Education & Outreach

The marine coastal environments in India are in a state of decline. Some of the major influences for which include improper land use, overexploitation of natural resources (fish, sand, etc.), polluting effluents from industry, plastic litter and loss of marine life. What we are seeing today is an emptier ocean, a dirtier coast line and a community highly vulnerable to the impacts of climate change due to increased coastal erosion.
ReefWatch is working with the Karnataka Forest department, a number of organizations and local veterinarians to increase awareness about the need for Marine conservation and sustainable practices.


The Karnataka Coastal Conservation Project works in coordination with the Karnataka Forest Department under an MOU that allows conducting Post Mortems, Scientific Analysis and Sample collection of Marine Megafauna across the coast of Karnataka. 

Marine Megafauna are key components of marine ecosystems, but, as they are long-lived and have low reproductive rates, their populations are usually the first to be reduced by human pressures. Several species of cetaceans and sea turtles known to be vulnerable or endangered have been recorded in Karnataka waters. As most of these species are apex predators or filter feeders in their respective food chains, they are reliable indicators of the health of the marine environment. Changes in populations or incidences of disease or starvation can be used to indicate specific excessive human pressures such as pollution, overfishing, etc.

Recording and studying such data can assist in the creation of more sustainable policy and practices in industry involving marine environments. As further development projects are expected to come up along the coast, the information and data collected from our work can be used to conduct Ecological Impact Assessments that may prevent over polluting or unsustainable development projects from being built, ensuring sustainability in other industries such as fisheries. Collected data may also be used to create an Environmental Baseline for use in Climate Change Research and Policy.

Through community participation and involvement we aim to spread information and awareness about our marine stranding network and create a robust stranding reporting network. Alongside the Karnataka Forest Department, we engage with local fishing communities, schools and colleges, spreading awareness and environmental education to create wider networks for reporting strandings and marine disasters. Through promotion of alternative livelihoods and sustainable tourism we hope to cement our position with local communities. The project works in collaboration with the Karnataka Forest Department, Fisheries Department, local NGOs and Sustainable Tourism operators.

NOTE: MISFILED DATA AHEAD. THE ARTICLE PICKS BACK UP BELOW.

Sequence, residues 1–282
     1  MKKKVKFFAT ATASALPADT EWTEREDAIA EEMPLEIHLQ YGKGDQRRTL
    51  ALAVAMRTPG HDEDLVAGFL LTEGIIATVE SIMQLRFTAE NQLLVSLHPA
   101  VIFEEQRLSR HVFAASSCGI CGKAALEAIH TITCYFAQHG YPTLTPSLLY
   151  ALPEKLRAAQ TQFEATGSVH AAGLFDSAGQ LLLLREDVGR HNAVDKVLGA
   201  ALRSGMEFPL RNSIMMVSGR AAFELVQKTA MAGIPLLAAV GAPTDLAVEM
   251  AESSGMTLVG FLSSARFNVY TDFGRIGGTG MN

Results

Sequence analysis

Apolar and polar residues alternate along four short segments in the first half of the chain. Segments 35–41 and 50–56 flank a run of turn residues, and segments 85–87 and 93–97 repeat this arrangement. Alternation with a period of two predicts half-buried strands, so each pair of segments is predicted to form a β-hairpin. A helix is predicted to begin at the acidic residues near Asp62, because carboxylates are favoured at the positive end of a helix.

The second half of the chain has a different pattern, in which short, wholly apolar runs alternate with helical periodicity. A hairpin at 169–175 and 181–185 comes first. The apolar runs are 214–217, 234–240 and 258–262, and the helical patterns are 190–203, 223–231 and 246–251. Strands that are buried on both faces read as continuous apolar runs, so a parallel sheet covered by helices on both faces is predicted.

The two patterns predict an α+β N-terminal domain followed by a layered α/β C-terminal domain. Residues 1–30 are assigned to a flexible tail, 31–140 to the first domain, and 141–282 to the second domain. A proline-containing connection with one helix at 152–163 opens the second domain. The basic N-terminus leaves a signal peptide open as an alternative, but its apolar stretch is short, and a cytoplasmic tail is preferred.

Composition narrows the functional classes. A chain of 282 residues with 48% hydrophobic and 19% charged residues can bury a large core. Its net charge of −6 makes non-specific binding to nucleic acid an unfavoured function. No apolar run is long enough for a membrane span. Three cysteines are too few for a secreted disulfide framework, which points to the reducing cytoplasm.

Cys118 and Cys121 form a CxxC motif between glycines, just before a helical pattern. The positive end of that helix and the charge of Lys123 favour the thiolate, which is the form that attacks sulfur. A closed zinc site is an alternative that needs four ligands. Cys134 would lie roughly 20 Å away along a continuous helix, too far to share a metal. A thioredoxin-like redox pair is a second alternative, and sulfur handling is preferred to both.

The aim of the project is two-fold; Improve Marine ecosystems through removal of ocean waste and improve lives of women who belong to low single income families along the coast.
Ocean waste is a major issue plaguing the oceans at the moment. A large component of the waste is plastics, they are an extremely hazardous and durable material. ReefWatch is working on improving the health of marine coastal environments through beach cleans and by indirectly employing women to collect trash from the coasts of Karnataka. The waste will be bought from them, segregated, processed and upcycled/recycled. 

Women along the coast belong to single income families and rely on fisheries for their income. The collapse of fisheries has greatly reduced their income pushing many of these families below the poverty line. This greatly reduces their access to healthcare, education and generally better living conditions. The Livelihoods project aims to employ these women and supplement their family’s income to help them access better living.


At ReefWatch we believe in the importance of having scientific data to back up our active conservation initiatives. 
Our Karnataka team is working on gathering scientific data on Marine strandings and conducting a general analysis of the health of local ecosystems.
Beach surveys are done to analyse sand samples for microplastics and nutrient values. This is being done to set up an accessible database that can be used as a reference point to monitor and compare the health of these beaches in the future. The physical and chemical composition of these will vary based on human activity such as release of effluence, construction and accidents at sea resulting in oil spills.

Mangrove habitats are an especially important and sensitive ecosystem. They are nurseries for many species of fish and other bio-indicators. These intertidal habitats are also known to protect coastlines by reducing sand erosion and regulating temperatures. ReefWatch conducts surveys to check for biodiversity and nutrient values to monitor the health of our precious mangrove habitats along Karnataka’s coastline.